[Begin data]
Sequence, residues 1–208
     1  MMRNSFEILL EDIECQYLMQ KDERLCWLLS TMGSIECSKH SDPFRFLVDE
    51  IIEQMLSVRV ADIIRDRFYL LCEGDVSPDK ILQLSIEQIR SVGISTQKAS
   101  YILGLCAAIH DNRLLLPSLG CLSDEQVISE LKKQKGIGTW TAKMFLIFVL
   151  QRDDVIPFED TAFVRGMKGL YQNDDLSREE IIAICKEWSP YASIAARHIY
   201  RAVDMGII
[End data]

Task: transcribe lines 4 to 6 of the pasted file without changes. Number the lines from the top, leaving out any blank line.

   101  YILGLCAAIH DNRLLLPSLG CLSDEQVISE LKKQKGIGTW TAKMFLIFVL
   151  QRDDVIPFED TAFVRGMKGL YQNDDLSREE IIAICKEWSP YASIAARHIY
   201  RAVDMGII